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This two-day simulation focuses on the negotiation of controversial and complex issues related to the 2,000-mile border that separates and joins the United States and Mexico as neighbors. Originally designed for an Introduction to Latin American & Latino Studies course, the simulation can also be used in other academic settings to highlight the complexity of international negotiations, to help students identify with a non-U.S. perspective, and/or to showcase the practical and emotional implications of theoretical foreign policy.

This two-day simulation focuses on the negotiation of controversial and complex issues related to the 2,000-mile border that separates and joins the United States and Mexico as neighbors.

Teaching Notes from casebook Leadership and Diversity Written by Dean Barbara J. Nelson, UCLA School of Public Affairs. Case teaching experience, discussion questions, recommend readings, and tools for class role play can be found in these notes.

The teaching notes presented here are from an outstanding casebook on Leadership and Diversity written by Dean Barbara J. Nelson, UCLA School of Public Affairs.

The Northern Ireland Women's Coalition must decide whether to sign a negotiated agreement for constitutional change without the electoral reforms that allowed the group to be represented at the peace talks.

When negotiators for Peace Talks in the Northern Ireland Forum returned from a break, they learned that Senator George Mitchell had set a deadline for reaching a decision.

This case serves as a basis for class discussion of why good policy ideas might fail to be implemented or taken up on the agenda. Dr. Viau’s perspective allows students to consider the strategic planning and framing necessary in developing, presenting, and advocating a policy idea in a complex environment.

Dr. Albert Viau has developed a national physician’s assistant program to help solve the problem of rural health service delivery in Republica, a mountainous Central American country.

This is a short, nontechnical case about a local official trying to site a landfill. Although written about Eastern Europe, the case might as well take place in the United States.

A United Nations hydrologist discovers the political complexity of adopting an environmentally sound riparian resource plan for the Zambezi River, which flows through eight African nations. The case asks students to identify the political problem or problems threatening a technically sound environmental plan.

This case focuses on the complex political structure of managing a riparian resource in developing countries.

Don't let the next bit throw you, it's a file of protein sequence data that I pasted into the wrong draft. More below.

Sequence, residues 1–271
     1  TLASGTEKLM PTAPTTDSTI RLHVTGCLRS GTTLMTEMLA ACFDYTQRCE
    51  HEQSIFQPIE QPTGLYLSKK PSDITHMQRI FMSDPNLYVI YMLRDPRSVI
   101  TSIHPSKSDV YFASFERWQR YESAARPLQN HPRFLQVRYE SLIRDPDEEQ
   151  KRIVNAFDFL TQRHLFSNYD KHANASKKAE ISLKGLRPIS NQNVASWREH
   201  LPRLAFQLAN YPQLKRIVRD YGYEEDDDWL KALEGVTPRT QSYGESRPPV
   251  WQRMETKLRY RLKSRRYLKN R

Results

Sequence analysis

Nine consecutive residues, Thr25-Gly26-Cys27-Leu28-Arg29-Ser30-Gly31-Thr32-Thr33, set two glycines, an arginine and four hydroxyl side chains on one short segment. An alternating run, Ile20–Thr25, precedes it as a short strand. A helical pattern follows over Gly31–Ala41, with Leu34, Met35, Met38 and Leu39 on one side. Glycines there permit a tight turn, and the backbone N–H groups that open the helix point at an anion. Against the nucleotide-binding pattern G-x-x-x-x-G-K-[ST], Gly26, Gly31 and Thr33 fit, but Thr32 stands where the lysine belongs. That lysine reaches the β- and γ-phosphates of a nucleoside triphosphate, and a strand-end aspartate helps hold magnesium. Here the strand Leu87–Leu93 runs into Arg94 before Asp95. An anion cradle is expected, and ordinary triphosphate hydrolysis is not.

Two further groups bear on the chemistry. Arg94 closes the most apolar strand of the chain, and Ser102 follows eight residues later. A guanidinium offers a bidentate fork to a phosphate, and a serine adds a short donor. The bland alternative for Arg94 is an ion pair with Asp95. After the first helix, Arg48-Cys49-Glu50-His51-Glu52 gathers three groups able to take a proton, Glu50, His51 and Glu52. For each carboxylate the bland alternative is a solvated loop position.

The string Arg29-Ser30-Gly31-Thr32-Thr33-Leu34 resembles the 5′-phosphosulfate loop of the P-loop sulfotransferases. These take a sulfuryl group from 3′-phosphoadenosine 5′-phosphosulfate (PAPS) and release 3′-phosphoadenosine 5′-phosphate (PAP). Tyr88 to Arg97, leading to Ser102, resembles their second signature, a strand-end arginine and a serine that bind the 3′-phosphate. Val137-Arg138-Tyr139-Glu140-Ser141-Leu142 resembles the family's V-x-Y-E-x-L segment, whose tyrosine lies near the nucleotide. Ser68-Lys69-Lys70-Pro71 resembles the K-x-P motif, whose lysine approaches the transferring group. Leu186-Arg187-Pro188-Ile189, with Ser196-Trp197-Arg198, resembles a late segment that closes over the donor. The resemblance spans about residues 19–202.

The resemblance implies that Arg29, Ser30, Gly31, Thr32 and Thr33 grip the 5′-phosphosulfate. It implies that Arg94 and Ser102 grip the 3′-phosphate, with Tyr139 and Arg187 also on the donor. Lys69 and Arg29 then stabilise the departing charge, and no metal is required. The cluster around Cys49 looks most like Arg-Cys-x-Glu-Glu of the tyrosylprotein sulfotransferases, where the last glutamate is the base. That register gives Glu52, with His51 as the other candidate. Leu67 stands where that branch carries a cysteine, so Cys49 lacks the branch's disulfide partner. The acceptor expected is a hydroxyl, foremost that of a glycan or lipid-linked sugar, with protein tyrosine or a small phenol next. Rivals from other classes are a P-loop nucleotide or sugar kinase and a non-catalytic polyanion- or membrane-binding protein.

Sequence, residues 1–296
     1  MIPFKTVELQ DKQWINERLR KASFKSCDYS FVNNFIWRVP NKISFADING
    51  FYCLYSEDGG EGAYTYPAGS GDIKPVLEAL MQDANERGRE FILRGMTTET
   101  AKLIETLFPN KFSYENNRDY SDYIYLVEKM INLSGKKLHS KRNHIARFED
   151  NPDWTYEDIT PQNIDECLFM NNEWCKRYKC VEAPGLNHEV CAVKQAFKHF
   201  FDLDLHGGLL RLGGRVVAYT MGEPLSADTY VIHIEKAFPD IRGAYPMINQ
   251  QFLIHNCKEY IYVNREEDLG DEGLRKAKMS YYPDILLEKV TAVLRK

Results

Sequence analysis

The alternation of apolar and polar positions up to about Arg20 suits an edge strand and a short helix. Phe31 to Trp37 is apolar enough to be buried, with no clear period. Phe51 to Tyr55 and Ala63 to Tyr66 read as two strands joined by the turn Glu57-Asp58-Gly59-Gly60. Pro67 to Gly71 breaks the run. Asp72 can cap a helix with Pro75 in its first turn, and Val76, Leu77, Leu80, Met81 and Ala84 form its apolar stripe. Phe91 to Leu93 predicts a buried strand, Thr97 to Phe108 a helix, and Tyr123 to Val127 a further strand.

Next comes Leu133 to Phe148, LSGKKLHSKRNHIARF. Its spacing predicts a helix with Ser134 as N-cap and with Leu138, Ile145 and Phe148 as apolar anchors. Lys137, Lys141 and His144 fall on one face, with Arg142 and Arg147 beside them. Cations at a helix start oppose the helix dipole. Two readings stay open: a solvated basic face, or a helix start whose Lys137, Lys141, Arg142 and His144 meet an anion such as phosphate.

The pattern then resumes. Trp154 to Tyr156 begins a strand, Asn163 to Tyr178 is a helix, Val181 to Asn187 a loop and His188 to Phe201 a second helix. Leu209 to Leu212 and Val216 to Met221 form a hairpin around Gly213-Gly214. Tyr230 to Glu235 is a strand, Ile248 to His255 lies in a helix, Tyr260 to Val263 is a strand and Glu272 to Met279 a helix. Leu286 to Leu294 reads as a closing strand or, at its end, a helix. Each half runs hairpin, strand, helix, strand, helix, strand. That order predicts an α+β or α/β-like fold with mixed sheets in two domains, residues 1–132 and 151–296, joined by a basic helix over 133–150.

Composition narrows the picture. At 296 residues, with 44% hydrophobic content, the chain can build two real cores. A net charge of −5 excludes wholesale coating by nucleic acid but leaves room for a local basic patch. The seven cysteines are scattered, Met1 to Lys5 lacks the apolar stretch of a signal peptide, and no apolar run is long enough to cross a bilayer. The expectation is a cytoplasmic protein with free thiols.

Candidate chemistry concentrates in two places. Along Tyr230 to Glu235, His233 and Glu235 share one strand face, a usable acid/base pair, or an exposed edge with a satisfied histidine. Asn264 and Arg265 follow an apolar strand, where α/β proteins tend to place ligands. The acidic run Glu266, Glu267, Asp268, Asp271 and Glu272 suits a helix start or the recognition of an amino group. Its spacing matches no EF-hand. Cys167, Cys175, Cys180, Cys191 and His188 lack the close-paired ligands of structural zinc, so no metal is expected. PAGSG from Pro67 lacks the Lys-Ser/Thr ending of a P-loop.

This case covers challenges of varied stakeholder groups cooperating to solve serious health and environmental problems in one of the largest cities in the world, both English and Spanish versions are posted on the website.

Sustainability and the Mexico City Lake Basin and Sustenibilidad en la Cuenca del Lago de la Ciudad de Mexico, both English and Spanish versions are available.

Portrays the high cost and high risks of Korea.

This two-part case is based on the history of South Korean development in the 1960s and 1970s.

The overarching goal of this case is to step away, for a moment, from Payatas and comprehend the challenges of urban waste management in developing countries. These public health, environmental, and management problems are caused by various factors which constrain the development of effective solid waste management systems. With this mindset, students should be able to discuss how Payatas was able to overcome technical, financial, institutional, economic, and social constrains. 

Since 2001, the Payatas site in Quezon City, Metro Manila, has been transformed from an open dumpsite, into a controlled waste disposal facility, and recently into a sanitary landfill.

Conflict erupts when the Catholic Church seeks to reclaim a building that has housed a popular public school for almost fifty years based on a Hungarian law requiring localities to return all property to local religious orders. The case also prompts analysis of how local governments are caught between the dictates of nationally driven policy or regulation and the specific, unique needs of their own communities.

This short, engaging case spurs class discussion about the role of community-based interest groups and the pressures they exert on local governments and public executives.